In his recommendation, the magistrate judge properly recommended that the petitioner's § 2241 petition be dismissed without prejudice after finding that the petitioner's claim is not properly brought under § 2241. The magistrate judge correctly found that because the petitioner is challenging the validity of his sentence, not his conviction, the Court must apply United States v. Wheeler, 886 F.3d 415 (4th Cir. 2018), to determine whether § 2255 is inadequate or ineffective. Here, the magistrate judge found that the petitioner has not established that, after his first § 2255 motion, the settled substantive law that established the legality of his sentence changed and was deemed to apply retroactively on collateral review as required by the second prong of Wheeler. ECF No. 13 at 7. In the report and recommendation, the magistrate judge also noted that petitioner's reliance on Mathis is misplaced, as Mathis does not apply retroactively in this Circuit. Id. Additionally, the magistrate judge noted in his report and recommendation that even if the petitioner could satisfy the first, second, and third prongs of Wheeler, the petitioner cannot meet the fourth prong, which requires a showing that due to a retroactive change in the law, his sentence now presents an error sufficiently grave to be deemed a fundamental defect. Id. at 9 (citing Lester v. Flournoy, 909 F.3d 708, 715 (4th Cir. 2018)).

         In petitioner's objections to the magistrate judge's report and recommendation (ECF No. 18), petitioner asserts that “summary dismissal was impermissible based on the fact that Ellis met § 2255(e) savings clause.” Id. at 3. In support of this argument, petitioner reiterates his argument under Mathis in support of his contention that he is entitled to relief. ECF No. 18 at 2. Further, petitioner states that “[t]he Warden should have been held to present a response negating Ellis's relief pursuant to § 2241, ” and adds that Lester, [3] as cited by the magistrate judge, “needs revisiting for various reasons.” Id. at 7.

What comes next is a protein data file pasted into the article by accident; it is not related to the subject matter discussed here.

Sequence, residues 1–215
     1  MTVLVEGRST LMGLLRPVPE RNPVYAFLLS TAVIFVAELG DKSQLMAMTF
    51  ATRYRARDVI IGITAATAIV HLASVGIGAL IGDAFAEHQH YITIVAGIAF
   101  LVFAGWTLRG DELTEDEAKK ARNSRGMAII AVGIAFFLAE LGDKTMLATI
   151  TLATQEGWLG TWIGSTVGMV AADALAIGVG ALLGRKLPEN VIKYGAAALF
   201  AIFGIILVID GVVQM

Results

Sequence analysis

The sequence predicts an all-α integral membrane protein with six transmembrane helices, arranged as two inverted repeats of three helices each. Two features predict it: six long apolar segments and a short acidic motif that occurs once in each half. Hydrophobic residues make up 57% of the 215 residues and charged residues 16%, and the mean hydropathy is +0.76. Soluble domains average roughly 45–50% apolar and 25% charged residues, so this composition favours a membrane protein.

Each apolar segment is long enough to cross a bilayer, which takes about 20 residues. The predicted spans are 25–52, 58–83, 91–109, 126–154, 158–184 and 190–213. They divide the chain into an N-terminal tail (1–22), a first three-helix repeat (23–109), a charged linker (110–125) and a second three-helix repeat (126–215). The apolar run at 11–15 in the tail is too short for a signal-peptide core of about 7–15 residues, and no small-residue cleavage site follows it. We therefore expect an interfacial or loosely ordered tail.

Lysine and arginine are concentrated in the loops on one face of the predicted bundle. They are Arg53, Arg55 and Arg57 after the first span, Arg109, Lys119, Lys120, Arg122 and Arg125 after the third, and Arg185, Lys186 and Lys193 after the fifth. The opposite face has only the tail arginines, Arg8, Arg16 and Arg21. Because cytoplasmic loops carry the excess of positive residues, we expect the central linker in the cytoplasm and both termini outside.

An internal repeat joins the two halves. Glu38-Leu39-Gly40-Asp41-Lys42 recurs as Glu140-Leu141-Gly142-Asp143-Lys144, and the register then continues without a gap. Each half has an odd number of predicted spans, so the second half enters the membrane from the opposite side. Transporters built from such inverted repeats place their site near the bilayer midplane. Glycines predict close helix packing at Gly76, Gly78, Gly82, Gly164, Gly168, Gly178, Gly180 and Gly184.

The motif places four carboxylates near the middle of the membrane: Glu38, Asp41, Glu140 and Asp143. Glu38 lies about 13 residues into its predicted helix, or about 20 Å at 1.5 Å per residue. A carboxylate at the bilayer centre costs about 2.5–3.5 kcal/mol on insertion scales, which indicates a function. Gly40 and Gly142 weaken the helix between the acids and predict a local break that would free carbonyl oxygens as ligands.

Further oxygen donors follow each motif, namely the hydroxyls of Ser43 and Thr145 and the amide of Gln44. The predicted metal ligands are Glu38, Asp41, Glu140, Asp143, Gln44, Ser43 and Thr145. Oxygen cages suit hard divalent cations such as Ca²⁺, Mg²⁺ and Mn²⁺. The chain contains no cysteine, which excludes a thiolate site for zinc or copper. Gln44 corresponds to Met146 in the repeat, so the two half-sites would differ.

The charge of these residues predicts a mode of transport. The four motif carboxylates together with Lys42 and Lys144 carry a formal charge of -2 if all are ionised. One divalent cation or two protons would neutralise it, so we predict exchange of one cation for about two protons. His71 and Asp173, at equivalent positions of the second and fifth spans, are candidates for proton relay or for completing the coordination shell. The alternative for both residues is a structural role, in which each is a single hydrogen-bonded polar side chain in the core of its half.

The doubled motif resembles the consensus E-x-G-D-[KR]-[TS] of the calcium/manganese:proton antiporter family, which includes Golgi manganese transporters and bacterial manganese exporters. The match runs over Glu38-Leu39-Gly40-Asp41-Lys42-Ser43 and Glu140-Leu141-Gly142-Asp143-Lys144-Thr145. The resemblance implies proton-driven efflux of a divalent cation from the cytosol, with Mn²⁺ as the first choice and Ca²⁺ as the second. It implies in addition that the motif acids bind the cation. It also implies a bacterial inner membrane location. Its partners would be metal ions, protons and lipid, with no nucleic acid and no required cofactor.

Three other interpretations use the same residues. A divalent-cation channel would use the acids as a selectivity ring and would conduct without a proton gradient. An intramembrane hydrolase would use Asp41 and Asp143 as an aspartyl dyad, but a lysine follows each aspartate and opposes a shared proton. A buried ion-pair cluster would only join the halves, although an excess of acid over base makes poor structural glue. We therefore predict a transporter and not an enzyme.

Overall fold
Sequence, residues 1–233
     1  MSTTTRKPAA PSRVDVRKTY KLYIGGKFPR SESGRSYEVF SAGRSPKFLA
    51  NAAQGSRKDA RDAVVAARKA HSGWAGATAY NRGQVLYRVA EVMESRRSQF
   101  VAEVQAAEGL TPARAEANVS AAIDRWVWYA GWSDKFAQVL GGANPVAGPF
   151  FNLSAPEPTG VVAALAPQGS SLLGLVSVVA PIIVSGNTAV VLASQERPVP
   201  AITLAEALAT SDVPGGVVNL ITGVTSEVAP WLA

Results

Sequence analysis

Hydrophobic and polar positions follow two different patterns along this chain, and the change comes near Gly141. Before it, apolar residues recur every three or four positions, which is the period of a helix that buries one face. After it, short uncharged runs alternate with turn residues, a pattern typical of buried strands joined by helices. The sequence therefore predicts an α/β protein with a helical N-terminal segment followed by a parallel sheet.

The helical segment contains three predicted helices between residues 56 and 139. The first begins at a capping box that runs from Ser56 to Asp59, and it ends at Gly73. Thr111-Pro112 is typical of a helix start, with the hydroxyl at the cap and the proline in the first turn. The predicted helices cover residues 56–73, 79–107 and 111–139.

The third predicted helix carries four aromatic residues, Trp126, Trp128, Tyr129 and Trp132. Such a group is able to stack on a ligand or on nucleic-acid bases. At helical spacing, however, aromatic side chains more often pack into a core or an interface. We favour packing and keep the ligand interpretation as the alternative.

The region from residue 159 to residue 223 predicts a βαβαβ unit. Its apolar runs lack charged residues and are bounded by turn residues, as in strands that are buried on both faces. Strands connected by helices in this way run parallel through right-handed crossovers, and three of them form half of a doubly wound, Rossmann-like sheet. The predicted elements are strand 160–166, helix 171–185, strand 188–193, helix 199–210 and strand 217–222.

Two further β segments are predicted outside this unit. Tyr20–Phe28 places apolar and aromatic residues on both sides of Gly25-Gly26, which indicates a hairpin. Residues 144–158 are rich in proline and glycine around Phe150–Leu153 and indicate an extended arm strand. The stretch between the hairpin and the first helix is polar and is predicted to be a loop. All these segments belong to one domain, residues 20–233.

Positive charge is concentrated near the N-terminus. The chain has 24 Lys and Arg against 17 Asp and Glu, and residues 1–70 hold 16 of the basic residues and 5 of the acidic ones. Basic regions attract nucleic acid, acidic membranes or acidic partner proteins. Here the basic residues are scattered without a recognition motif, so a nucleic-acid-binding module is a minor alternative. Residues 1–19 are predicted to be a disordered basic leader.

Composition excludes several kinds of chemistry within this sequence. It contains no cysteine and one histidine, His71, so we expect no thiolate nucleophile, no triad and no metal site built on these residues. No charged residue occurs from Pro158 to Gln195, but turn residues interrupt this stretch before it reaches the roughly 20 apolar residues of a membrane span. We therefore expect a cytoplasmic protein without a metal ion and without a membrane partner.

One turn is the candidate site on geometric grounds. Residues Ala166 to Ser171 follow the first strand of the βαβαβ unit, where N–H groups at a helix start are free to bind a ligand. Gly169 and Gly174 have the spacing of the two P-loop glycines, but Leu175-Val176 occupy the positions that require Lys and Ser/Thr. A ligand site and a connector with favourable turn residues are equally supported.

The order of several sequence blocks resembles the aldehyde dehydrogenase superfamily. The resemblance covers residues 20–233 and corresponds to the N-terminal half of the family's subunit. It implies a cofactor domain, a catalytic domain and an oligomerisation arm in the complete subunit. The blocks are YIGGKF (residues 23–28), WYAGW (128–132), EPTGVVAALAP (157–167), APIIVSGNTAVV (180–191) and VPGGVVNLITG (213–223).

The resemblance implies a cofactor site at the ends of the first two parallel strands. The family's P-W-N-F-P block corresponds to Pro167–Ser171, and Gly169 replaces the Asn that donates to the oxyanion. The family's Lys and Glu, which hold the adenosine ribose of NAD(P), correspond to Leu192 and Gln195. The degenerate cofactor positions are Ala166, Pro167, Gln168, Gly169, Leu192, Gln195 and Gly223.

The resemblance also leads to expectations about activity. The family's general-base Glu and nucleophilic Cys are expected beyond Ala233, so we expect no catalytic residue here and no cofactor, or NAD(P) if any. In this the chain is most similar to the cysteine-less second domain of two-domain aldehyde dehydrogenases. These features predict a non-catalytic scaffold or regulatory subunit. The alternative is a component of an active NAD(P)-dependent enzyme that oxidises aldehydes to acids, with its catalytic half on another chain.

Upon de novo review, this Court finds that although petitioner asserts that he is entitled to relief under the savings clause, it is clear that he is not. Because petitioner is not challenging his conviction, the test under In re Jones, 226 F.3d 328, 333-34 (4th Cir. 2000), does not apply and, instead, this Court must review the petition under the four prong savings clause test under United States v. Wheeler, 886 F.3d 415 (4th Cir. 2018), for erroneous sentences. This Court finds that the magistrate judge properly analyzed the petitioner's petition accordingly.

         In Wheeler, the United States Court of Appeals for the Fourth Circuit concluded that § 2255(e) provides “an avenue for prisoners to test the legality of their sentences pursuant to § 2241, and Jones is applicable to fundamental sentencing errors, as well as undermined convictions.” Id. at 428. When contesting a sentence through a petition filed under § 2241, a petitioner still must meet the savings clause of § 2255. In the Fourth Circuit, § 2255 is deemed to be “inadequate and ineffective” to test the legality of a sentence only when all four of the following conditions are satisfied:

(1) at the time of sentencing, settled law of this circuit or the Supreme Court established the ...

Buy This Entire Record For $7.95

Download the entire decision to receive the complete text, official citation,
docket number, dissents and concurrences, and footnotes for this case.

Learn more about what you receive with purchase of this case.